The church has been granted the privilege of announcing the Gospel, the good news. More clearly, the church is the protector and chief advocate of the good news in response to the bad news, namely: that, from birth, we have rebelled against a holy God who, justly, demands the payment of a penalty for our rebellion.
The good news announced in pulpits everywhere is that Christ has paid that penalty and, through no merit of our own, God has applied his sacrifice to our account, turning away God’s wrath from us and, by claiming Christ by faith alone, we might spend eternity worshipping the merciful God with whom we were once at war. (For more of this good news, I urge your reading of What is the Gospel? by my friend, Greg Gilbert).
It is because of this Gospel – and the transforming and preserving effect it has upon those who hear it and, consequently, on the culture in which they live – that I wish, in this series of posts, to urge the church, through its leaders, to change its current, silent course and begin speaking the Gospel to one of the chief threats to it today: the redefinition of marriage.
Before I criticize, please know of my great love for the church! Pastors, elders, and lay leaders labor daily to speak the good news to a hurting world. I am not unaware of the many martyrs who have laid down (and even now in parts of the world, are laying down) their very lives in the defense of the Gospel, for the sake of the Gospel. Insofar as they are redeemed heirs of God, these are good people who passionately love the God they worship and the people to whom they are called. My intent is not to blame, but to encourage through the Gospel, and for it’s sake.
Over the next five days, it is my hope to share some of my personal thoughts related to what I have perceived as the near total lack of public response to the redefinition of a core component of the Gospel. Here is how I intend to address this issue:
- First, I wish to do this by contrasting responses to the redefinition of marriage in New York with Rob Bell’s book, Love Wins. It’s a curious contrast.
- Tomorrow and Wednesday, I would like to offer several reasons why I believe there has been a hesitation by the pastor-leaders to speak boldly on this issue.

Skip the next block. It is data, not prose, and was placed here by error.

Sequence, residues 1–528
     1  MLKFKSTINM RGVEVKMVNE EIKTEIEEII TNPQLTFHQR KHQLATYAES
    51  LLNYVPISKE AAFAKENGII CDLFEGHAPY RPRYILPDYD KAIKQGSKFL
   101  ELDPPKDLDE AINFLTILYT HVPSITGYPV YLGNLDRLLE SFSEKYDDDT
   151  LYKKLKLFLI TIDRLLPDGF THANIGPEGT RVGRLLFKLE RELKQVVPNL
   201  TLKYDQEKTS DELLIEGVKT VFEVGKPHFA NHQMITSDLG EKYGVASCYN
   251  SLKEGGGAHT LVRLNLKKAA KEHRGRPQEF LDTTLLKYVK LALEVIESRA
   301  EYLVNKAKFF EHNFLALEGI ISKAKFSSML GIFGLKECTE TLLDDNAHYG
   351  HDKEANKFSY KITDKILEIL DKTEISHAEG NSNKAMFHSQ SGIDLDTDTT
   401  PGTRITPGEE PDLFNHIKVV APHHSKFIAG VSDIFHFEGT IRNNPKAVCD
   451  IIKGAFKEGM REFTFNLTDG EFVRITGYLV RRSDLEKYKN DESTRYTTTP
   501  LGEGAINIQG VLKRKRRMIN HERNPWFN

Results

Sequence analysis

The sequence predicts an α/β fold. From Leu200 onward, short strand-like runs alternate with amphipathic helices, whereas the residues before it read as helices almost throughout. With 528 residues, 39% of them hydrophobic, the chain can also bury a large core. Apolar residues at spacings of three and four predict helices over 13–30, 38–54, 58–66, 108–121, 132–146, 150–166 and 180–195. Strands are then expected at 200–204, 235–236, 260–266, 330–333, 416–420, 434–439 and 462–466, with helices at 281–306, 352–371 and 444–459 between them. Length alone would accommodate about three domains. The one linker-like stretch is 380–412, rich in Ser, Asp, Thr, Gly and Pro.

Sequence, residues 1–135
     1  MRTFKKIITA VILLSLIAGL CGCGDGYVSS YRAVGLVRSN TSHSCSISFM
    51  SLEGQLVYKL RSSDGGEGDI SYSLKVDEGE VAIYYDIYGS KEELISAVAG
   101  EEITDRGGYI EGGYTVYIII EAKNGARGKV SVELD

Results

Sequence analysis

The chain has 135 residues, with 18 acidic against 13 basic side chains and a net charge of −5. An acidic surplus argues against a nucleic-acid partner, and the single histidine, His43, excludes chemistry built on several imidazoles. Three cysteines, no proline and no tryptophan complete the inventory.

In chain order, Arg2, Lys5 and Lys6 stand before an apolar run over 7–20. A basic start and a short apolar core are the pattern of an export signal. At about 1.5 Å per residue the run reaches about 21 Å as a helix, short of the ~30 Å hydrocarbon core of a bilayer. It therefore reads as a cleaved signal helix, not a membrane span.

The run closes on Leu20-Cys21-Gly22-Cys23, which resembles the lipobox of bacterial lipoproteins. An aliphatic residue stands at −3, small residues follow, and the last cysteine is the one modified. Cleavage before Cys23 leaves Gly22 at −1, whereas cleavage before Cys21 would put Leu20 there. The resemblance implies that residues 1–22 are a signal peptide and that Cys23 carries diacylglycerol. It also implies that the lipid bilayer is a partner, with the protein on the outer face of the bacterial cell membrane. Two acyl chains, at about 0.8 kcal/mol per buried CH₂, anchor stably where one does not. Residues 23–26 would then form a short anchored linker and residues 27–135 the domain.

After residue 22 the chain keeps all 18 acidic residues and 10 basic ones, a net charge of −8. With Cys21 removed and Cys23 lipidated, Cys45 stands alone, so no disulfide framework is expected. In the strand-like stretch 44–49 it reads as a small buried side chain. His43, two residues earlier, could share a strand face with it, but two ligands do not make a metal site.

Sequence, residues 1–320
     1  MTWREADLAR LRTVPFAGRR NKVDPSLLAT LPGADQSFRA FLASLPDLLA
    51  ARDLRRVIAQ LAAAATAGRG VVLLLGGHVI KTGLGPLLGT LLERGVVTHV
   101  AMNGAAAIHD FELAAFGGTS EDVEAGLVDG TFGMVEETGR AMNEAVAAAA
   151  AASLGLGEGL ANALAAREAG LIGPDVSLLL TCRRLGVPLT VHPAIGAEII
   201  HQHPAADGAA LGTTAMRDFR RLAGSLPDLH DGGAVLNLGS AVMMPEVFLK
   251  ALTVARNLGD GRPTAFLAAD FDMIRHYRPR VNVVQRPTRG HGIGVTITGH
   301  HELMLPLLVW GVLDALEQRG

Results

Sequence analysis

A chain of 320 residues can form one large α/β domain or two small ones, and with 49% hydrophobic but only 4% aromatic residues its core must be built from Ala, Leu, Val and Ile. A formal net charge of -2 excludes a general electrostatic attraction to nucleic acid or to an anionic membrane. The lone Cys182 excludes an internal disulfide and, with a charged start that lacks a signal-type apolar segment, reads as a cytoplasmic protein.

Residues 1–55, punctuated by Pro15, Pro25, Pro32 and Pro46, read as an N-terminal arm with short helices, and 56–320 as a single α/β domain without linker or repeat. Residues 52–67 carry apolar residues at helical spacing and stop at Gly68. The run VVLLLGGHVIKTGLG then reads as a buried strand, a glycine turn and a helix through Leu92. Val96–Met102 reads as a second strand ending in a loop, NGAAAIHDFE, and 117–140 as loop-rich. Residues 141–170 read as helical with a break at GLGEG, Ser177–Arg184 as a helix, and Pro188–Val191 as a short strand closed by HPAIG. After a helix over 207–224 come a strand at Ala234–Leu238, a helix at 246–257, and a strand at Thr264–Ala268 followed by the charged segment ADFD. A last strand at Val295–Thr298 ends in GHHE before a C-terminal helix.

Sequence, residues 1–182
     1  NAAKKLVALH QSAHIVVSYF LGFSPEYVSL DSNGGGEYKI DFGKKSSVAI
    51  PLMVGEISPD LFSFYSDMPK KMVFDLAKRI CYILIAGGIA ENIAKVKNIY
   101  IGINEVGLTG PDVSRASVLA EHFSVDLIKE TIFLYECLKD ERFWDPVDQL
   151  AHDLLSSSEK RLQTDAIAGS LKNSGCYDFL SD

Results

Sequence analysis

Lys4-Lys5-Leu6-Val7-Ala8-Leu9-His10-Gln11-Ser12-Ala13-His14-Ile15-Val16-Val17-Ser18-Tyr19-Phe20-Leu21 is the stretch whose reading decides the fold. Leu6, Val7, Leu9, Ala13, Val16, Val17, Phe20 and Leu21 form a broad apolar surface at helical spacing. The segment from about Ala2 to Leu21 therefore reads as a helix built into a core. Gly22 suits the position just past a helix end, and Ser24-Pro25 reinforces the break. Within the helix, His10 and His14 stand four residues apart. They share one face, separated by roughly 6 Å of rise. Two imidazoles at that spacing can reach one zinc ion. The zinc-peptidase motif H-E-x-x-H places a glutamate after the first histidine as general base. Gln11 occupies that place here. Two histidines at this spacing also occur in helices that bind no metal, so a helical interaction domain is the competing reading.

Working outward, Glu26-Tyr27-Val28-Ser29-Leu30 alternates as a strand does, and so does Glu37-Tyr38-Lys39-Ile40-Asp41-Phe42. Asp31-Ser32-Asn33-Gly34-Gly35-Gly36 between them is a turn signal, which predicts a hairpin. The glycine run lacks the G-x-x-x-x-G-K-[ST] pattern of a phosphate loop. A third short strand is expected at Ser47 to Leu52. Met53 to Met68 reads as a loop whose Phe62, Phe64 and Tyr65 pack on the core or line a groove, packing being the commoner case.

- On Thursday, my post will outline the urgency of this issue, one that must be addressed by the Gospel. I’ll also consider the question: what is more important: winning the political battle or declaring the Gospel?
- I conclude on Friday by offering some suggested next steps the church, and particularly ministers of the Gospel, can overcome any hesitation and why they should.
Maybe Rob Bell should write a book about same-sex ‘marriage.’
Earlier this year, a trendy leader of a church in Michigan wrote a book called Love Wins. Before it even came to publication, church leaders from around the globe were abuzz offering this or that denunciation of the message of universalism (everyone goes to heaven eventually) Bell put seemed to advocate for in his book.
When Love Wins finally shipped to the bookstores, several prominent church leaders took to the Internet, newsletters, radio, podcasts, and virtually any other medium you can think of to denounce what they suggested amounts to a false gospel. And well they should. As several have put it – and I paraphrase – there can be no good news of heaven if there is no bad news of hell.
It was an amazing response – and a necessary one. Getting the penalty of hell correct is essential to understanding a just God. Still, I was impressed by how many wrote critiques of the book, warned against reading it, added it to conference agendas, and much, much more.
Pastor-leaders like Justin Taylor, John Piper, Kevin DeYoung, Tim Challies, John MacArthur, R.C. Sproul, Mark Driscoll, Al Mohler, Francis Chan, Denny Burk, Joshua Harris, and Danny Akin, just to name a few, had something to say about the matter – each in some way defending a core element of the Gospel.